Regardless of the type of activity in which you’re engaged, certain practices are required for all UC San Diego faculty, students and staff. The CDC advises that risk of viral transmission rises when individuals work in close proximity (at distances of less than 6 ft.) for periods of as little as 10 minutes. Restrictions regarding social distancing, use of face coverings, hygiene and sanitization outlined here are intended to permit some resumption of research, scholarship and creative activity while attending to the risk of transmission.

In specific settings or types of activity, additional practices will be required to support the safety of all of those involved in the research. Where the specific requirements of the activity necessitate exceptions to these guidelines, a risk mitigation plan must be developed and approved by department/program leadership before activity can resume (see below, p. 9).

General Requirements: Applicable to all Research, Scholarship, & Creative Activity

  • Work that can be conducted remotely should continue to be conducted remotely until normal university operations resume.

    Persons who are 65 years or older, have a chronic underlying condition, or have a compromised immune system are particular vulnerable to severe impacts of respiratory infection. During the Red phase, members of these vulnerable groups are required to have the option to work remotely; members of these vulnerable populations are strongly recommended to have that option during the Orange phase.
  • If you are sick or have any reason to believe you have been exposed to COVID-19 or any infectious disease, do not come to work.
  • If you have symptoms of COVID-19, visit UC San Diego Health's COVID-19 website to learn where to get tested. Follow EOC protocols (available below) for reporting your positive test results if you are tested elsewhere.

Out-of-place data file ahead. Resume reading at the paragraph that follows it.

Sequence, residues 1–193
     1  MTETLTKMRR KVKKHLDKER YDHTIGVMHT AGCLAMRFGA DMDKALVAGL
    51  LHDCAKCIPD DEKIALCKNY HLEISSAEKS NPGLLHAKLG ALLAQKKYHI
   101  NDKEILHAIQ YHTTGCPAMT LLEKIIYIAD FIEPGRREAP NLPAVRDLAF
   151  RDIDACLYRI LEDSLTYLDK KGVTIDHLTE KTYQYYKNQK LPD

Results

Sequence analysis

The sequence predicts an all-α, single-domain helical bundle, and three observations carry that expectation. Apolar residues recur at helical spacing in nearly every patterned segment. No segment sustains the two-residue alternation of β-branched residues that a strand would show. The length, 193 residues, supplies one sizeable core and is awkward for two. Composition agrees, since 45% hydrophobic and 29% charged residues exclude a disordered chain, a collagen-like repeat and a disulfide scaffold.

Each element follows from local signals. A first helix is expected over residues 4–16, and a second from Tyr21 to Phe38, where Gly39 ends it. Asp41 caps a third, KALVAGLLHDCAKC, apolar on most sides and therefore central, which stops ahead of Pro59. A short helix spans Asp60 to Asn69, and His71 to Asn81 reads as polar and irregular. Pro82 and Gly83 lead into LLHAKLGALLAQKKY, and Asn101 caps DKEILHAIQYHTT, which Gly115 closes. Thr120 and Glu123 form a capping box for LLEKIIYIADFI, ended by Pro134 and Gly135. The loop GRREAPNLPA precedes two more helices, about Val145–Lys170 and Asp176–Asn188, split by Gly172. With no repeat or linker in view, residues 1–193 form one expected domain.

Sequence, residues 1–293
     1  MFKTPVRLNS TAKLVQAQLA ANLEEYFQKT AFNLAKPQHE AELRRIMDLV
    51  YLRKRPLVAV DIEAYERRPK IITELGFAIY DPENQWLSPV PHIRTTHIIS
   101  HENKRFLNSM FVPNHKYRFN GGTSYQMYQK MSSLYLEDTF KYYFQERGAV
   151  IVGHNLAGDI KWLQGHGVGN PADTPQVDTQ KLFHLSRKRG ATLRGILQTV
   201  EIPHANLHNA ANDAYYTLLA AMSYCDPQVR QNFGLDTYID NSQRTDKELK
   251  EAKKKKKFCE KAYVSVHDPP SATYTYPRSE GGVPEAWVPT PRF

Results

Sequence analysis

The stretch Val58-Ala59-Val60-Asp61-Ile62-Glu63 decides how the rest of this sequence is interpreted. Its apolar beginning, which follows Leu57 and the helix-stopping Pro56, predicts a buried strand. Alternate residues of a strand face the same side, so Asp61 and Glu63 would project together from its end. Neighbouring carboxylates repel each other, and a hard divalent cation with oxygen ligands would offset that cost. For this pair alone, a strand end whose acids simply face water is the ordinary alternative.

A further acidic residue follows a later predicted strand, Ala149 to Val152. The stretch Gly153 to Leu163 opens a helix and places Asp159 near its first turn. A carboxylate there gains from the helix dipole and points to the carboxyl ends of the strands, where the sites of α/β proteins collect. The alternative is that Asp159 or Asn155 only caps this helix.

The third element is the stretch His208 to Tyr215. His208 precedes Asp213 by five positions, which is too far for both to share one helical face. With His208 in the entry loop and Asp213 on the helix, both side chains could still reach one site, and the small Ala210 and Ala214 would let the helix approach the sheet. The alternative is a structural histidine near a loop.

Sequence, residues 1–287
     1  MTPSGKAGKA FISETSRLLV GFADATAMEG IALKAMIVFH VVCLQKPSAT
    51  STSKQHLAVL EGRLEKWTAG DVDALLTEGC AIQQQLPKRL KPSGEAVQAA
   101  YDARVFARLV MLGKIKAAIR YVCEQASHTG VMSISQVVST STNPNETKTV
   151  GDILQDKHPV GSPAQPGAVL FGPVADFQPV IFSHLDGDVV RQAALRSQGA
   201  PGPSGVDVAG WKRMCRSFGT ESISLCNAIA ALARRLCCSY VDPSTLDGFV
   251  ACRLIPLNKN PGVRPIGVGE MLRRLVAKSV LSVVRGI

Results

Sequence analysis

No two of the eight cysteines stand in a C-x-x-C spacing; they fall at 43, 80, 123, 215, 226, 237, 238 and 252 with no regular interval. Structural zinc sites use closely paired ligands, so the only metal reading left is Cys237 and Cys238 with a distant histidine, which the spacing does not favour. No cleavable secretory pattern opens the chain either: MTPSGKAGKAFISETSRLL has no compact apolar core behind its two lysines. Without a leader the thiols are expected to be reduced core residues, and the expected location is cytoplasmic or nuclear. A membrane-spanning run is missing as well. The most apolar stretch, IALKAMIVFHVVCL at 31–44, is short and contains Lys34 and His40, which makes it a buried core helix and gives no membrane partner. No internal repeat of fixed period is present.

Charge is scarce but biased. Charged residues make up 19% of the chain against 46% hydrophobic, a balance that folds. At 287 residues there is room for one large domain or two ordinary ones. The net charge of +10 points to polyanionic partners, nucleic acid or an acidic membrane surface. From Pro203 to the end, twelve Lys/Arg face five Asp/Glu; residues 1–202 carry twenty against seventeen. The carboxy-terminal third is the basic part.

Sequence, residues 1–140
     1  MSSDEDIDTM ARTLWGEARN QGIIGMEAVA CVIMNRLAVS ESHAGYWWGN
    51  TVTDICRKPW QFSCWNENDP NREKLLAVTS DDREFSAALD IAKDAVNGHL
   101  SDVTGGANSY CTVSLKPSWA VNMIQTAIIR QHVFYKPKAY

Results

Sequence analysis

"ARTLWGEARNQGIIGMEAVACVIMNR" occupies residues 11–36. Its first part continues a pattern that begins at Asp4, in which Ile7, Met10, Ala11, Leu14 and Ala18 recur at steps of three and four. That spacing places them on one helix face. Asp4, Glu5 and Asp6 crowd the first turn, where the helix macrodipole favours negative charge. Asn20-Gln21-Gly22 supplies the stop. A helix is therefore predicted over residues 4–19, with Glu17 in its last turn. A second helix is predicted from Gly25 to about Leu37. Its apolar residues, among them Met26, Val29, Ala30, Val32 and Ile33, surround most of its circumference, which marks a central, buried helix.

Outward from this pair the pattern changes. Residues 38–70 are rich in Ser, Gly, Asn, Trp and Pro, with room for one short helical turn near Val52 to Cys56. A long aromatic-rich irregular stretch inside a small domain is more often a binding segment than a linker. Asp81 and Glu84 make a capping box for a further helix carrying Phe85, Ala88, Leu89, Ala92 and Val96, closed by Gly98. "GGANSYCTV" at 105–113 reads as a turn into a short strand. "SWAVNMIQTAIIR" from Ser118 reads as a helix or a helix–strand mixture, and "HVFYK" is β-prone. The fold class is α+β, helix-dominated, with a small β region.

• Undergraduate and graduate students and postdoctoral scholars cannot be required or pressured to work on-site during the Red or Orange phases. Because research is an essential element of the UC San Diego educational experience, faculty should make an effort to support students in credit-bearing (honors, thesis, dissertation, independent study, experiential learning) research activity, while not coercing them to work on-site. Students may work on-site by exception during the Red phase.
  • All personnel must complete a symptom and exposure screening before beginning work on-site each day; those with symptoms should not enter the workplace.[i] UC San Diego IT teams will select and implement a reporting systems app which will be ready for use before we move into the Orange phase; information about that app is available on the Human Resources blink webpage.
  • Adhere to appropriate density restrictions, as required by phase (see Figure 1). Such restrictions may require implementation of work shifts to ensure that maximal density is not exceeded.
  • Follow CDC guidelines for protecting yourself and others through frequent hand washing, social distancing, etc.
  • Wear a face covering when you are on campus — on sidewalks, in common areas of buildings, etc.[ii] In most settings and circumstances, a cloth or disposable ear-loop face covering is sufficient. Surgical masks are considered ideal if available (does not have to be N95 or include a filter). Face coverings (and other personal protective equipment, as required in specific contexts) are available for purchase.

    UC San Diego’s Integrated Procure-to-Pay Solutions is stocking large quantities of PPE and disinfecting material, which is available for purchase through Oracle Procurement. Search COVIDPPE in the Oracle search bar to see the available items. Please add PPE items to their own cart so that they can route to Procurement for review and prevent delay of processing non-PPE orders. Additionally please make sure N95 orders are in their own cart so they can route to EH&S for their Respiratory Protection Program.

    These items are being stocked to meet the needs of many different campus communities. It is requested that you order only what your lab or office will need in two week increments to ensure that as many areas as possible across campus can take advantage of this supply. If you anticipate a significantly larger than normal bulk order, please reach out to IPPS through the UC San Diego Services & Support portal.

    You will be required to provide a Chart of Account (COA) string or Project Number (POET) to cover the cost of supplies: face coverings and PPE can be charged to grants, while other supplies must be charged to departmental or other COVID-specific accounts. Please consult your MSO or Fund Manager for guidance on identifying the appropriate account to use.